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Wasabi Leaves and Stems are traditionally used in Japanese cuisine for pickled sake lees. The crunchy large heart-shaped wasabi leaves and stems are delicious and highly in demand outside Japan. The heat of wasabi is more prominent in stems than leaves but overall the heat is always greater in the prized rhizome!
Contained within the wasabi leaves and stems are the natural products that give the wasabi kick with the associated health and nutritious benefits. When cooking the wasabi leaves and stems the heat will lessen and create a similar taste to spinach.
In some recipes, they are best used raw to spice up the salads and sandwiches or alternatively place them on your favourite steak, chicken or venison. For the simpler approach use them in stir-fries, sauté or boil with noodles and stews. Or combine with sesame oil for a more delicate dressing.
Traditionally pickled in sake lees, stems have an excellent crunch with a radish and spring onion flavour when raw. With a quick (20 minute) pickling solution of salt and sugar, the wasabi leaves and stems can be pickled to produce the famous Japanese dish Wasabi Zuke.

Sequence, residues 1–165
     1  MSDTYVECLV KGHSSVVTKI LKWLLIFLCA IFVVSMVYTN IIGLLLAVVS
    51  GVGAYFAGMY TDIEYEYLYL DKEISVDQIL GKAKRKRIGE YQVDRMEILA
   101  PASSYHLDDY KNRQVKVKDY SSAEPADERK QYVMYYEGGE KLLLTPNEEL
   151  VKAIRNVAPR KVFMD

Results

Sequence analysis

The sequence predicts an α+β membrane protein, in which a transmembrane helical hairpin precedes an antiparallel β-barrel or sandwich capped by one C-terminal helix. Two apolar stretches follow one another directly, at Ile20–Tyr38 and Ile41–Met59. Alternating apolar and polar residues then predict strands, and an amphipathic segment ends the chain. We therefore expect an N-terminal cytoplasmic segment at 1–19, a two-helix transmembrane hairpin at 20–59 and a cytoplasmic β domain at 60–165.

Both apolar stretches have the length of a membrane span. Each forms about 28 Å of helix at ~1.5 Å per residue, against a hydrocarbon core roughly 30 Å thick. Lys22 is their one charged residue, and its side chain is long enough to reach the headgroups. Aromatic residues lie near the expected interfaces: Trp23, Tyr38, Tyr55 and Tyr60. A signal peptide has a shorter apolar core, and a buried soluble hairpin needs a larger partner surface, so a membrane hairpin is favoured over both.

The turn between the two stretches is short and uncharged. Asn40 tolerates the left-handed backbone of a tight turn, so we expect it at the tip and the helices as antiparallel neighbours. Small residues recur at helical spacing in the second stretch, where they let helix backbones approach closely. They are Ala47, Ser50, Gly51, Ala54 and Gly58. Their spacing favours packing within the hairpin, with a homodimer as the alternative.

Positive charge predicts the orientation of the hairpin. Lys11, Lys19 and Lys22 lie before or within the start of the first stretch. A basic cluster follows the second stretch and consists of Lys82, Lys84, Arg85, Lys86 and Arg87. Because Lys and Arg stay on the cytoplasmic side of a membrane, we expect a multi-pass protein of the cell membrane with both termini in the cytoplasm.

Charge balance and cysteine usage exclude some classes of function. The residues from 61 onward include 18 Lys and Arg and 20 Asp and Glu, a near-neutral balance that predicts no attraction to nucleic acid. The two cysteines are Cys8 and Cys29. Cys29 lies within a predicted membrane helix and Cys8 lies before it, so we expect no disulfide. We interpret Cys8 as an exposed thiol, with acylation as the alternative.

Remember wasabi leaves and stems can be eaten fresh, pickled or sautéed. They taste similar to mustard greens and contain heat. The stems are hotter than the leaf.
They work well in stews and casseroles and make an excellent stirrer for a wasabi Bloody Mary!
The succulent wasabi leaves and stems are harvested on the day of order and shipped in specially designed packaging to keep them at their maximum freshness. These wasabi leaves and stems are the Mazuma variety.
- Store your wasabi leaves and stems in a chilled place or a suitable refrigerator below 5°C.
- Wasabi Leaves and Stems store very well in the fridge for about 7
- Before use wash the wasabi leaves and stems in cold water, leave them moist; store them in the bag provided or something similar.
- You can always perk them up by just placing them in a vase of freshwater – regularly replace the water and keep the wasabi leaves and stems out of direct sunlight.
What better touch for your next dinner party than a wasabi leaf-stem salad!
Enjoy your fresh wasabi leaves and stems from Wasabi Crop
I’m Sofia Kitson, the Wasabi Crop Blogger. My interests are writing articles on growing and cooking with wasabi.